Site specific management is an area of geoinformatics (geomatics) that has exploded recently thanks to advances in computer-aided technologies that can record and process vast amounts of spatial data and project that data in two- or three-dimensions. The fourth dimension, time, is more difficult but efforts are being made to integrate that as well. Relating geospatial terrestrial and environmental data properties requires that scientists integrate a broad range of technologies such as geographic information systems (GIS), aerial and proximate remote sensing (hyperspectral imaging, ground penetration radar, LIDAR, soil electrical conductivity), the global positioning system (GPS), and geostatistical methods for estimating soil properties between two finite points in three-dimensional space.

A criticism of site-specific management is that it relies on expensive, sophisticated technology, which is not available to resource-limited clients. This may be true at one extreme of the continuum, but low-cost solutions exist to capture geospatial information for soil management decision support. We kick off this page by presenting some low-cost approaches, courtesy of the USDA Natural Resource Conservation Service.

Agrosphere Modeling for Producing Large Increases in Food Yield (AMPLIFY)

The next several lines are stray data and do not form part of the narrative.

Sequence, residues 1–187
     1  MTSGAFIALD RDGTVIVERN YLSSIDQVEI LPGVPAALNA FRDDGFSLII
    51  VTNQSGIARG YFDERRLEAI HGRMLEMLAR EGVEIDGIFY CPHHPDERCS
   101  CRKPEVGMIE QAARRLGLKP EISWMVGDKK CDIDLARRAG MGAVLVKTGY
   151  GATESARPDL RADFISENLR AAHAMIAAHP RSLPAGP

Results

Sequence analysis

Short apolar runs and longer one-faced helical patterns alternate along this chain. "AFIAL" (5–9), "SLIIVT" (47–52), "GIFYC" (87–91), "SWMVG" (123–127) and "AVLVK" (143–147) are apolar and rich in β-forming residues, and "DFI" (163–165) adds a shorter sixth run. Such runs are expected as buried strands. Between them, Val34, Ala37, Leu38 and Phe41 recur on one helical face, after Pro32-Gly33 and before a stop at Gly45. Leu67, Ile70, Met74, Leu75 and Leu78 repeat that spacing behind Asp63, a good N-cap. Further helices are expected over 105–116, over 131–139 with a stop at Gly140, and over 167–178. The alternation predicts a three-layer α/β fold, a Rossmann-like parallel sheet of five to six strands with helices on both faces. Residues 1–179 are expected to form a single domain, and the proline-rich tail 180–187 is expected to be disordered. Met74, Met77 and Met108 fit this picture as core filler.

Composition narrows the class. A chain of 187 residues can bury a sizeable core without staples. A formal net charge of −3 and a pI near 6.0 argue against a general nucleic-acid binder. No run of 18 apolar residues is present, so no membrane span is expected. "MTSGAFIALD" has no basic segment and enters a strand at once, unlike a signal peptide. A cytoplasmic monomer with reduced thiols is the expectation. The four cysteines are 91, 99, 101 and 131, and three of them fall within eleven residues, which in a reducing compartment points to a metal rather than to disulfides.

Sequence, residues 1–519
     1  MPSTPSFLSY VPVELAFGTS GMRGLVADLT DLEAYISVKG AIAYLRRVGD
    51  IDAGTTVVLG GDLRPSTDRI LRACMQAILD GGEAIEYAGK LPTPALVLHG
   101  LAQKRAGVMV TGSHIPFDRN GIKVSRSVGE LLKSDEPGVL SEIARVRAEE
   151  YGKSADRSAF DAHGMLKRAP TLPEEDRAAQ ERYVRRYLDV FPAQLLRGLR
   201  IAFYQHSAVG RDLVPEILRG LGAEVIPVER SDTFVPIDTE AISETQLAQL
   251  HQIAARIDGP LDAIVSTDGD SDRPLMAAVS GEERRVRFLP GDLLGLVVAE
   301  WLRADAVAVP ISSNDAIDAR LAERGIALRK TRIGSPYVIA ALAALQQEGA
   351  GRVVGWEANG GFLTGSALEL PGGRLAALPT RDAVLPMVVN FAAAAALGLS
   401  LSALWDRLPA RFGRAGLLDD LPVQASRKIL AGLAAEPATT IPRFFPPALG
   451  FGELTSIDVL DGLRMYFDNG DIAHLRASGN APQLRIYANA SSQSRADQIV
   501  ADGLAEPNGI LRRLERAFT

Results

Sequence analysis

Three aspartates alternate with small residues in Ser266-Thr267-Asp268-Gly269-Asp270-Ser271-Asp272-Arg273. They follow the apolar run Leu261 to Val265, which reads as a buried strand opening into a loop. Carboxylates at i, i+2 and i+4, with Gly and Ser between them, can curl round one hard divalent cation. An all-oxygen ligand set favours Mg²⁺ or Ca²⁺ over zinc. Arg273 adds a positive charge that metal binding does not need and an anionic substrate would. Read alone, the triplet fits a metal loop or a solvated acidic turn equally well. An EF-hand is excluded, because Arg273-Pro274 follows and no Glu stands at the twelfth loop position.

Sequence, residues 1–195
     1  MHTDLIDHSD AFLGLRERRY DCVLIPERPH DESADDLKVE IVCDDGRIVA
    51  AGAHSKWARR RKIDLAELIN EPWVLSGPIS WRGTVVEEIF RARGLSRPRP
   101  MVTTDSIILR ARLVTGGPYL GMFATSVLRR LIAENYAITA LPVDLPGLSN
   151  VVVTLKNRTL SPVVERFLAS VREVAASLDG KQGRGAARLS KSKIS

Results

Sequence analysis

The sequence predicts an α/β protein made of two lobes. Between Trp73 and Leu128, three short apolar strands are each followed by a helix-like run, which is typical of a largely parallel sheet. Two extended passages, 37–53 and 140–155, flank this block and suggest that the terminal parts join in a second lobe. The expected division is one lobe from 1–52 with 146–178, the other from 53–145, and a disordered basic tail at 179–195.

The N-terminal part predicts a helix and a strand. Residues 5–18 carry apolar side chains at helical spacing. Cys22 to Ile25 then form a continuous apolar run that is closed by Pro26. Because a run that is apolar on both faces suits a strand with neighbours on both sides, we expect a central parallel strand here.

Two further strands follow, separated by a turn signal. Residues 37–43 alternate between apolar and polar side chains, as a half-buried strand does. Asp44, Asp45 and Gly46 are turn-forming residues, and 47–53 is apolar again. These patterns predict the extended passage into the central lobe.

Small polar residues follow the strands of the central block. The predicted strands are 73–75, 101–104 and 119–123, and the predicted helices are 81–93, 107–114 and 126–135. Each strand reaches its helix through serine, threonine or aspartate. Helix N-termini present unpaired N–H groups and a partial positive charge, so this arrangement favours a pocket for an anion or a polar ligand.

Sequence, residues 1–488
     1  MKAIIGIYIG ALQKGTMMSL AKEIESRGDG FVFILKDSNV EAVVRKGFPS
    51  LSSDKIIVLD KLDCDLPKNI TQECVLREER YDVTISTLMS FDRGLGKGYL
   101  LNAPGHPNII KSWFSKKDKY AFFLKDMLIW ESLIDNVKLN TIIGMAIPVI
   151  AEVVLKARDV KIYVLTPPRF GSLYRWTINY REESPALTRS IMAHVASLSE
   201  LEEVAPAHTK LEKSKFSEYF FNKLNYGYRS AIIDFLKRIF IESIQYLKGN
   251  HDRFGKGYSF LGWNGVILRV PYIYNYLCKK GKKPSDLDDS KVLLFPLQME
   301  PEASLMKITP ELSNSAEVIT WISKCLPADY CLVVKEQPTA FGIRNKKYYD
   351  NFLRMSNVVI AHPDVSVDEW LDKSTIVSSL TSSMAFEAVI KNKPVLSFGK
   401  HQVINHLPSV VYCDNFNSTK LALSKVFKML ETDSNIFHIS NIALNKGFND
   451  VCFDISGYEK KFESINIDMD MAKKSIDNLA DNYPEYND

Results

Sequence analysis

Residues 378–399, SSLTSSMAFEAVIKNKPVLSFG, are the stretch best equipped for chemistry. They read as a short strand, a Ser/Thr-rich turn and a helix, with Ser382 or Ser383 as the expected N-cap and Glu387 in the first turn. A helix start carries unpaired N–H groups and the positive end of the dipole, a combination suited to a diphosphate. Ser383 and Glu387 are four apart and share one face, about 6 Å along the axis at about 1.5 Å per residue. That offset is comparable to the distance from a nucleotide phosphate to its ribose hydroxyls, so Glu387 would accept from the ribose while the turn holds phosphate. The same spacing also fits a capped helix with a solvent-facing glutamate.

AMPLIFY is a public-private research platform designed to propel innovation and resource-efficient methods to increase food yields. Created by the College of Agriculture and Life Sciences of N.C. State University, AMPLIFY was conceived as a transdisciplinary, entrepreneurial platform providing infrastructure for mobilizing research capability and intellectual capacity to solve complex global issues in agriculture. Advances in telemetry, remote sensing and digital imaging, and precision machine guidance systems are generating multi-dimensional information that could drive agricultural decision-making at ground level and beyond, if we know how to harness it. By pulling together basic and applied expertise from the N.C. State’s College of Agriculture and Life Sciences, College of Sciences, and College of Engineering, AMPLFY seeks to: (1) model photosynthesis, carbon metabolism and partitioning, and water use efficiency (2) develop custom hyperspectral imaging systems for a seamless, integrated high-throughput phenomics pipeline; (3) fuse remote sensing information to quantify crop phenology, biomass, and soil-plant nutrient and water status; (4) model and identify high performance, resilient yield traits and create improved management strategies and decision support tools. Previews available here: